Author + information
- Received July 12, 2011
- Revision received December 5, 2011
- Accepted December 19, 2011
- Published online April 3, 2012.
- Andrew L. Frelinger III, PhD⁎,⁎ (, )
- Ronald D. Lee, PhD†,
- Darcy J. Mulford, PhD†,
- Jingtao Wu, PhD†,
- Sai Nudurupati, PhD†,
- Anu Nigam, MS⁎,
- Julie K. Brooks, MS⁎,
- Deepak L. Bhatt, MD, MPH‡ and
- Alan D. Michelson, MD⁎
- ↵⁎Reprint requests and correspondence:
Dr. Andrew L. Frelinger III, Children's Hospital Boston, Division of Hematology/Oncology, Karp 07212, 300 Longwood Avenue, Boston, Massachusetts 02115-5737
Objectives The aim of this study was to assess the effects of different proton pump inhibitors (PPIs) on the steady-state pharmacokinetics and pharmacodynamics of clopidogrel.
Background Metabolism of clopidogrel requires cytochrome P450s (CYPs), including CYP2C19. However, PPIs may inhibit CYP2C19, potentially reducing the effectiveness of clopidogrel.
Methods A randomized, open-label, 2-period, crossover study of healthy subjects (n = 160, age 18 to 55 years, homozygous for CYP2C19 extensive metabolizer genotype, confined, standardized diet) was conducted. Clopidogrel 75 mg with or without a PPI (dexlansoprazole 60 mg, lansoprazole 30 mg, esomeprazole 40 mg, or, as a positive control to maximize potential interaction and demonstrate assay sensitivity, omeprazole 80 mg) was given daily for 9 days. Pharmacokinetics and pharmacodynamics were assessed on days 9 and 10. Pharmacodynamic end-points were vasodilator-stimulated phosphoprotein P2Y12 platelet reactivity index, maximal platelet aggregation to 5 and 20 μmol/l adenosine diphosphate, and VerifyNow P2Y12 platelet response units.
Results Pharmacokinetic and pharmacodynamic responses with omeprazole demonstrated assay sensitivity. The area under the curve for clopidogrel active metabolite decreased significantly with esomeprazole but not with dexlansoprazole or lansoprazole. Similarly, esomeprazole but not dexlansoprazole or lansoprazole significantly reduced the effect of clopidogrel on vasodilator-stimulated phosphoprotein platelet reactivity index. All PPIs decreased the peak plasma concentration of clopidogrel active metabolite (omeprazole > esomeprazole > lansoprazole > dexlansoprazole) and showed a corresponding order of potency for effects on maximal platelet aggregation and platelet response units.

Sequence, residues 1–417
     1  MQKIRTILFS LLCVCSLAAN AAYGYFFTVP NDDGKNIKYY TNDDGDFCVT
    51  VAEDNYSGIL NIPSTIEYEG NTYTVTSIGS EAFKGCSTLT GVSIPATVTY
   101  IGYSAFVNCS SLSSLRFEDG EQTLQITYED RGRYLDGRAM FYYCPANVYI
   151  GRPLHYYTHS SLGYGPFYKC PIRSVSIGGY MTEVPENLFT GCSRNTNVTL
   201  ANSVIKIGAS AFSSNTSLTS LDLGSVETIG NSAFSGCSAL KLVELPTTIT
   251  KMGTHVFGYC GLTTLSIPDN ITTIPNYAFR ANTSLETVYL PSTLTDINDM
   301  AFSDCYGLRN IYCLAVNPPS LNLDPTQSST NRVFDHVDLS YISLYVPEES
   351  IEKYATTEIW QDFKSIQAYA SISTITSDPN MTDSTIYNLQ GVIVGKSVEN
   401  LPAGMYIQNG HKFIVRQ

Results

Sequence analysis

Conclusions Generation of clopidogrel active metabolite and inhibition of platelet function were reduced less by the coadministration of dexlansoprazole or lansoprazole with clopidogrel than by the coadministration of esomeprazole or omeprazole. These results suggest that the potential of PPIs to attenuate the efficacy of clopidogrel could be minimized by the use of dexlansoprazole or lansoprazole rather than esomeprazole or omeprazole. (A Study of the Effects of Multiple Doses of Dexlansoprazole, Lansoprazole, Omeprazole or Esomeprazole on the Pharmacokinetics and Pharmacodynamics of Clopidogrel in Healthy Participants; NCT00942175)
This study was sponsored by Takeda Global Research & Development Center, Inc. In addition, this study was funded in part by a research grant from Takeda Global Research & Development Center to Children's Hospital Boston (Alan D. Michelson, principal investigator). Drs. Frelinger and Michelson have been principal investigators or co-investigators on research grants to the University of Massachusetts Medical School, Children's Hospital Boston, or both from Arena Pharmaceuticals, GLSynthesis, Eli Lilly/Daiichi Sankyo, and Sanofi Aventis/Bristol-Myers Squibb; and have been consultants to Eli Lilly/Daiichi Sankyo and PLx Pharma. Drs. Lee, Mulford, Wu, and Nudurupati are employees of Takeda Global Research & Development Center, Inc. Dr. Bhatt has received honoraria from WebMD; research grants from Amarin, AstraZeneca, Bristol-Myers Squibb, Eisai, Ethicon, Medtronic, Sanofi Aventis, and The Medicines Company; and is a research collaborator with PLx Pharma and Takeda and served as the Chair of the COGENT trial. Dr. Michelson has been a member of the data safety monitoring boards of clinical trials sponsored by Eli Lilly/Daiichi Sankyo and Sanofi Aventis/Bristol-Myers Squibb. All other authors have reported that they have no relationship relevant to the contents of this paper to disclose.
- Received July 12, 2011.
- Revision received December 5, 2011.
- Accepted December 19, 2011.
- American College of Cardiology Foundation